Origins of Progressive Omaha
A little background:
My wife and I were active in a left organization 20 years ago called Radical Therapy (actually, that's where we met). Radical Therapy was a movement to combine the personal and the political. It held an annual Midwest Radical Therapy conference at Camp Hantesa in Boone, Iowa for a number of years.
We both ended up going to an organizing meeting for the next conference only to be greeted, along with the others who had shown up, by a messenger from the previous organizers stating that there had been too much infighting in their group and that they were too burned out to help with the next conference and that whoever showed up would have to decide what was going to happen with the Radical Therapy movement.
Those of us at this meeting had the weekend to decide how to handle the situation. We decided that our first priority was going to be to learn how to get along with one another, after which we could determine whether to do a conference. We worked on our interpersonal skills for two years, at the end of which we held the final Radical Therapy Conference which pulled about 50 people and seemed to be quite successful.
EXCEPT, none of us had an idea of what to do next. We had learned how to get along with one another and combine the personal with the political but we didn't have a coherent vision for the future.
Fast forward to today:
A lot of work has been done in the past 20 years by Progressive people on a vision for the future. It includes such principles as multi-racial, multi-cultural, cross-class democracy that combines progressive politics, spirituality, a nurturing parent morality and, of course, the principle that the personal is political.
But to bring this vision to reality requires a community of people who are willing to carry these ideas to their neighbors, their friends, their relatives, and society in general. Community is needed to support each other in swimming against the tide and for bringing new people into the movement.
I believe that most people don't join a movement because they are impressed by the brilliance or correctness of some abstract political analysis. People are brought into a group for a lot of different reasons: they are looking for a safe place to find a mate, socializing with congenial people, support from people in similar situations, help in parenting; in short, they are looking for community. If the community has a vision for society, the member is then willing to critically entertain it.
The community I am recommending here might be called Practical Democracy. The idea is to redefine democracy in such a way as to implement the spiritual injunction that we are to love one another as ourselves. This removes democracy from the rarefied airs of electoral politics and makes it into something that can be practiced in our daily lives with ourselves and each other, something practical.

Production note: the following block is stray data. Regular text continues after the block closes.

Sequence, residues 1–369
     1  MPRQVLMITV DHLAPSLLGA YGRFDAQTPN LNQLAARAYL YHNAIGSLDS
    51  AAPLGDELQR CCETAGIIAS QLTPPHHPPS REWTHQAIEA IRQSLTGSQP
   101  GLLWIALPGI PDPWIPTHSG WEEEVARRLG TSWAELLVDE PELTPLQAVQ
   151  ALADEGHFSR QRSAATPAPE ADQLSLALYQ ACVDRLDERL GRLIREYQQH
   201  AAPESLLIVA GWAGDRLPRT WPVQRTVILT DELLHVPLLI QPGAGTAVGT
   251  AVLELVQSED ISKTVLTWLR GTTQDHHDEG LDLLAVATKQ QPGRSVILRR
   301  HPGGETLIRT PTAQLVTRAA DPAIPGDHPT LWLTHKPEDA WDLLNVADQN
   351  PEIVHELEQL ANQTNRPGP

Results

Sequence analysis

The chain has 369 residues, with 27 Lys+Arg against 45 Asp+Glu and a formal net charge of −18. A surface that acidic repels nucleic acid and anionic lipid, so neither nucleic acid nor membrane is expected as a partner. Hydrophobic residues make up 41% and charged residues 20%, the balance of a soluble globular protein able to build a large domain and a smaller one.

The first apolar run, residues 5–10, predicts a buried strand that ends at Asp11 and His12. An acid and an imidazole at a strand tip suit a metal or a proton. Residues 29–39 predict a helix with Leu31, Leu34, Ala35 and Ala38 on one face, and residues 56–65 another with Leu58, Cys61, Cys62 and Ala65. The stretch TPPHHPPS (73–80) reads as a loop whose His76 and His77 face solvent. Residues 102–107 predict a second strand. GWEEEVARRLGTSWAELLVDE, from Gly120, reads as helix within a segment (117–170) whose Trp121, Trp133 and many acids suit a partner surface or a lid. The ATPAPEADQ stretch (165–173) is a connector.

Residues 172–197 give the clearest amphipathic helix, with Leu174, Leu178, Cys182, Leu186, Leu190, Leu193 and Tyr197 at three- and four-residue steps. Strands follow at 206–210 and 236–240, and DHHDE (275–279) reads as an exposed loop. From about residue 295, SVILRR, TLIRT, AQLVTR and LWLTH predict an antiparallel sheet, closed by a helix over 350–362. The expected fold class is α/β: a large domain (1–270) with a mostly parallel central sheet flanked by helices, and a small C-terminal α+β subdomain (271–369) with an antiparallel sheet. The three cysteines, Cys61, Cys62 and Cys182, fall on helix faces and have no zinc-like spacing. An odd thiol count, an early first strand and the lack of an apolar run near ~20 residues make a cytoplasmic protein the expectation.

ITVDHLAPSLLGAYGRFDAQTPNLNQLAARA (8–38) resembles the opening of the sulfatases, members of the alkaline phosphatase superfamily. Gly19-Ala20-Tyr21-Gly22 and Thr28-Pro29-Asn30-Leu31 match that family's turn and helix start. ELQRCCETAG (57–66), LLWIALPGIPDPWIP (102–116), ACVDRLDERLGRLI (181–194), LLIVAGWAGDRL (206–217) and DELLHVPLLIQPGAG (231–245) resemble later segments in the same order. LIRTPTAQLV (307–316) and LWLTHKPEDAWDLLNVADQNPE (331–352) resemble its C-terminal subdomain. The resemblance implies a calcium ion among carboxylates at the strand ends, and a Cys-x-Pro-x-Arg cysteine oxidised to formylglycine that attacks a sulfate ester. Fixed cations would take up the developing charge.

We practice democracy with ourselves when we pay attention to our conflicting wants, feelings, needs, thoughts and try to get all of the different parts of us to work together to reach our goals.
We practice democracy with each other when we listen respectfully, affirm the other's feelings, wants, needs and thoughts and let them know what our feelings, wants, needs and thoughts are.
Democracy then becomes extended into the economic, cultural, spiritual, political and other spheres by infusing these same principals of love and respect into those areas.
THE FIRST STEP:
The first step would seem to be to develop a community of people who are willing to commit to living out democracy in all aspects of their lives. I would expect this community to work by consensus and so to have excellent interpersonal and intra-personal skills. I would expect it to be diverse racially, culturally, and socially, inclusive rather than exclusive, and diligent in recruiting new members. This view of democracy is ultimately for a society, not just for a small, defensive group.
This community would have education/training built into each community meeting Ã¢â‚¬â€œ half an hour of presentation and discussion preceding any business.
Each community would have theme groups that would deal with issues of particular interest Ã¢â‚¬â€œ the environment, labor, prisons, culture, color issues, gender issues. These groups would meet more often and report back to the general community. All decisions affecting the entire community would be made in the general community meeting.
Ceremony and celebration are an important part of any community. Each meeting could open with a minute of silence for recollection and to clear our minds for the upcoming work. Community celebrations could be scheduled regularly: potlucks, parties, and picnics celebrating ordinary and extraordinary people.
To promote the spread of these ideas, door-to-door voter registration drives can be held. Each conversation with a voter allows for opening up topics such as jobs, schools, streets, health care, city budget, county and state budget, the environment, etc. The voting records of local, state and federal officials can be discussed. This could possibly be used as a way to start or revive neighborhood associations in areas where that is needed, or just start new Practical Democracy communities to work on issues that seem relevant to a given area.
In this era when democracy is under intense attack on a number of fronts there would seem to be a need for dedicated defenders of democracy to come forward. And democracy is not defended simply by protecting the right to vote (although that is essential); there needs to be a defense of all the things that are implied by democracy. There need to be people who are clear that democracy does not mean free-market capitalism, nor global corporate domination. There need to be people who declare that democracy does mean love, strength and creativity.